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Oriole Demands Are Holding Up Wiggins Trade

Times Staff Writer

It’s no longer a question of whether or not the Padres are talking to the Baltimore Orioles about trading Alan Wiggins. They are, and admit it.

Instead, the question has become: Who’s holding up the trade?

On Monday, the Padres said: Not us.

Meanwhile, Oriole officials were unavailable for comment. In the end, though, it became clear that the problem holding up the proposed trade is simply a matter of language, or, more precisely, a matter of unclear language.

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Sources said Monday that Baltimore and Wiggins’ lawyers are still negotiating over what happens if Wiggins has a drug-related relapse. The Orioles appear ready to trade one or two minor league players for Wiggins, but they want amendments in Wiggins’ current four-year, $2.8-million contract specifying what their responsibilities would be if the second baseman suffers a relapse.

For instance, Baltimore would initially agree to pay his entire contract, but in the event of a relapse, could the Orioles release him and be responsible to pay only a small portion of it? Could they decide not to release him at all, yet still reduce his salary?

Not all of the amendments proposed by Baltimore are favorable to Wiggins and his lawyers, and that is the holdup.

In the meantime, the Padres are waiting for an answer.

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“I’m just waiting for someone to call so we can continue conversations,” said Padre General Manager Jack McKeon, who admitted Monday that recent trade talks have involved only the Orioles. “We haven’t decided (on who the minor leaguers are). When we get to the nitty-gritty, we’ll get to that.”

Added Padre President Ballard Smith: “We are not holding up the trade. That’s all I can tell you. . . . Obviously, a lot have to agree to finalize it--Wiggins, the Players’ Assn., the American League, the National League, the Orioles and the Padres. I can tell you there’s nothing from our standpoint that’s holding it up.”

And the clock ticks. As of today, Wiggins, who is working out with the Las Vegas Stars (the Padres’ Triple-A affiliate), has 13 days remaining in the minors. If he is not traded or released by July 7, the Padres must take him back on their roster. They have said they will do no such thing and are seeking a deal as a solution.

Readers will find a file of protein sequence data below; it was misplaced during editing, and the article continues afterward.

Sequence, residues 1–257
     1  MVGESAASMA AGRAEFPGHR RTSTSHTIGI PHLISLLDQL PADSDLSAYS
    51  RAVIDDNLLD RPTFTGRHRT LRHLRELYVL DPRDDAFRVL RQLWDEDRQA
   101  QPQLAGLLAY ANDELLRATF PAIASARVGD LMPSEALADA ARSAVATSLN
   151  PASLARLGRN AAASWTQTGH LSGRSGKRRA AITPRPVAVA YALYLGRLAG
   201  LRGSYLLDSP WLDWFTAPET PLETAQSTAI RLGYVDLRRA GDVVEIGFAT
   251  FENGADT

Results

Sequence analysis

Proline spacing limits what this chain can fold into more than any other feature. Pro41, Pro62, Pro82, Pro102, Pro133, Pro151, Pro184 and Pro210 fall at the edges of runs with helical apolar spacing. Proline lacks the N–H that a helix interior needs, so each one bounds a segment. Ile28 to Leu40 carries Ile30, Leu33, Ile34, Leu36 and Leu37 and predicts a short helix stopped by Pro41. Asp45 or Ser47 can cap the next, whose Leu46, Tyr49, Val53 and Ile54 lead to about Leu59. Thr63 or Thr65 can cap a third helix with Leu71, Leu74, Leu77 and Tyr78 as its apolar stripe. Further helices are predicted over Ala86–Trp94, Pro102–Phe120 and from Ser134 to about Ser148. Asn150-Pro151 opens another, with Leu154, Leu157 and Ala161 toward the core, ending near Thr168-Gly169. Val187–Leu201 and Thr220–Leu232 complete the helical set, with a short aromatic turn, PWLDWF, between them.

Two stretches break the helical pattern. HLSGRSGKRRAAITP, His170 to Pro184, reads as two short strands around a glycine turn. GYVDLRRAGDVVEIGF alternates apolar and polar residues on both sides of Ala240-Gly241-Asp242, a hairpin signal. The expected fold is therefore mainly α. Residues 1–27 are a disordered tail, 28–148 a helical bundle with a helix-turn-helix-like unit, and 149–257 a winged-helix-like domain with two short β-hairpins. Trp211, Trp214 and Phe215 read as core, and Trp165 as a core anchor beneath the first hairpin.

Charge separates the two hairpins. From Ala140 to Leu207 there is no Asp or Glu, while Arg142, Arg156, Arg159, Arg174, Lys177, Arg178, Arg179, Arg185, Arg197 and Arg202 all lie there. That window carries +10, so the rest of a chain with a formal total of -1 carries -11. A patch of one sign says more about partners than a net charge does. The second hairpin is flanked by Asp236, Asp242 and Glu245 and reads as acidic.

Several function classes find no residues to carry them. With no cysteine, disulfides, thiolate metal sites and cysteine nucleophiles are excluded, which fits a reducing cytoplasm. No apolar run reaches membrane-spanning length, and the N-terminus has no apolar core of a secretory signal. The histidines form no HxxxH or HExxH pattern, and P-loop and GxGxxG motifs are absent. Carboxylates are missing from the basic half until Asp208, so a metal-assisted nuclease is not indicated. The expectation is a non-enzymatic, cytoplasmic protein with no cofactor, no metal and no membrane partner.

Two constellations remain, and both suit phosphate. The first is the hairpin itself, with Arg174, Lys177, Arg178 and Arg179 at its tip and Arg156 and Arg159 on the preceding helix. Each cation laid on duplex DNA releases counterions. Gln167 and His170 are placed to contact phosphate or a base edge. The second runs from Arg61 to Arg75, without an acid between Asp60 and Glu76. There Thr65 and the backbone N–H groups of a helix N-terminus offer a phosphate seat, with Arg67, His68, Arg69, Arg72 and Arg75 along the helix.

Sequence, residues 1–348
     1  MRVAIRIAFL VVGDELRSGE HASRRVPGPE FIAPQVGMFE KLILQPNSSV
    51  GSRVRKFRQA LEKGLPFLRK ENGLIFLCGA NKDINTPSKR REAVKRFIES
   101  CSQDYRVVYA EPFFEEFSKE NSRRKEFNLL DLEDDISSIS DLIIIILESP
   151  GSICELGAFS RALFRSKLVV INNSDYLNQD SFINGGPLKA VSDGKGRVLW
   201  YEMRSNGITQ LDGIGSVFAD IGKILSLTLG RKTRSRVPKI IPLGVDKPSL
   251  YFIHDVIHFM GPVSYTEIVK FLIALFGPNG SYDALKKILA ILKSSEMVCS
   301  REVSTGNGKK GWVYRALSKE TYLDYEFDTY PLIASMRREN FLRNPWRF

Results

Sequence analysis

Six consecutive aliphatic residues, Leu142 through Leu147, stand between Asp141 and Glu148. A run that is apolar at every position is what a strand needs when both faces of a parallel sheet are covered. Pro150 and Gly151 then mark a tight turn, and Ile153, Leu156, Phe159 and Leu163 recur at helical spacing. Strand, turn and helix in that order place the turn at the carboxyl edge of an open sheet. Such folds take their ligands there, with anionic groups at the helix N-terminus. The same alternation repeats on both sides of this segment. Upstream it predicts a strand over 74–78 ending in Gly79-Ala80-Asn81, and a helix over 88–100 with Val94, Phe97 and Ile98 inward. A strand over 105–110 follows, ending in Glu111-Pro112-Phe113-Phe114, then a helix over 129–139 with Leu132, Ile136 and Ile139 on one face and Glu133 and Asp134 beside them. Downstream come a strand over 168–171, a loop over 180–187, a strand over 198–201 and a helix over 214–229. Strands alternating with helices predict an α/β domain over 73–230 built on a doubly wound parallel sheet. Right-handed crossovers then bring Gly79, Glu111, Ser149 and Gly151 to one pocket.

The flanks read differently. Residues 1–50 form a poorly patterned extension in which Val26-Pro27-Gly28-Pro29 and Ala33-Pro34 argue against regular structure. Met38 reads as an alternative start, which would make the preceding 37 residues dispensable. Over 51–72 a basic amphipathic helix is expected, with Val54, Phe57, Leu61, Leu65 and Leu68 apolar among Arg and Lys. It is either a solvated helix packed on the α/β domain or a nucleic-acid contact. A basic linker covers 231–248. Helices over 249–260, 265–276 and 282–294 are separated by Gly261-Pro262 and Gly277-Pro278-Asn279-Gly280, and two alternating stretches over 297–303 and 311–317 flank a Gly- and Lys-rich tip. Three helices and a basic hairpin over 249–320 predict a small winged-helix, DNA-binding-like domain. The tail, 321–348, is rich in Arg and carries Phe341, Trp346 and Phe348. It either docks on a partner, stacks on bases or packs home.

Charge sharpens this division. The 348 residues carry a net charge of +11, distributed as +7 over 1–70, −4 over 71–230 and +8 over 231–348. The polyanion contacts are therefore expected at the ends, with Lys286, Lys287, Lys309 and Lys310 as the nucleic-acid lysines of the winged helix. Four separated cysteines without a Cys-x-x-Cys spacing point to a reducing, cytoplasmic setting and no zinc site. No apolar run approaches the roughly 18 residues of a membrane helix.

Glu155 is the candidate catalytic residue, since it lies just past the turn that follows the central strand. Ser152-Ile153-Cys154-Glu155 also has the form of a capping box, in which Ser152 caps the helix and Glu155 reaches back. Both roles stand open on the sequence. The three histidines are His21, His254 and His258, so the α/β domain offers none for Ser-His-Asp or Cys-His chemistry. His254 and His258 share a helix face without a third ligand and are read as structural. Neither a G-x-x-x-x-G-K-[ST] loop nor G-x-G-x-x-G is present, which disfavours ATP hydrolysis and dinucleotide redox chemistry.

But maybe not with Baltimore. The Orioles, sources say, are still talking with San Diego, but also are looking elsewhere for potential second basemen.

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Of course, if the Padres eventually decided to release Wiggins, the Orioles could get him for the minimum salary of $40,000. In that case, the Padres would have to pay the remainder of Wiggins’ guaranteed contract, which is why it’s unlikely he’ll be released.

Wiggins still has not played a game with Las Vegas, and sources say Wiggins’ lawyers are becoming impatient about that, wondering if the Padres are acting in good faith. Apparently, Wiggins’ lawyers, who declined comment, will ask either National League President Chub Feeney or Player Relations Committee President Lee MacPhail to discuss the matter with the Padres.

Las Vegas Manager Bob Cluck has said Wiggins is not yet in shape to play.

Owner George Steinbrenner of the New York Yankees once considered trading second baseman Willie Randolph for Wiggins, the New York Times reported. But Steinbrenner is no longer considering the trade.

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“The deal was set to be made, subject to the Yankees talking to the doctors about Wiggins’ prognosis,” columnist Dave Anderson quoted an unidentified San Diego source as saying.

Said McKeon on Monday: “I don’t know if they were serious about (offering Randolph). I don’t now if there was anything concrete.”


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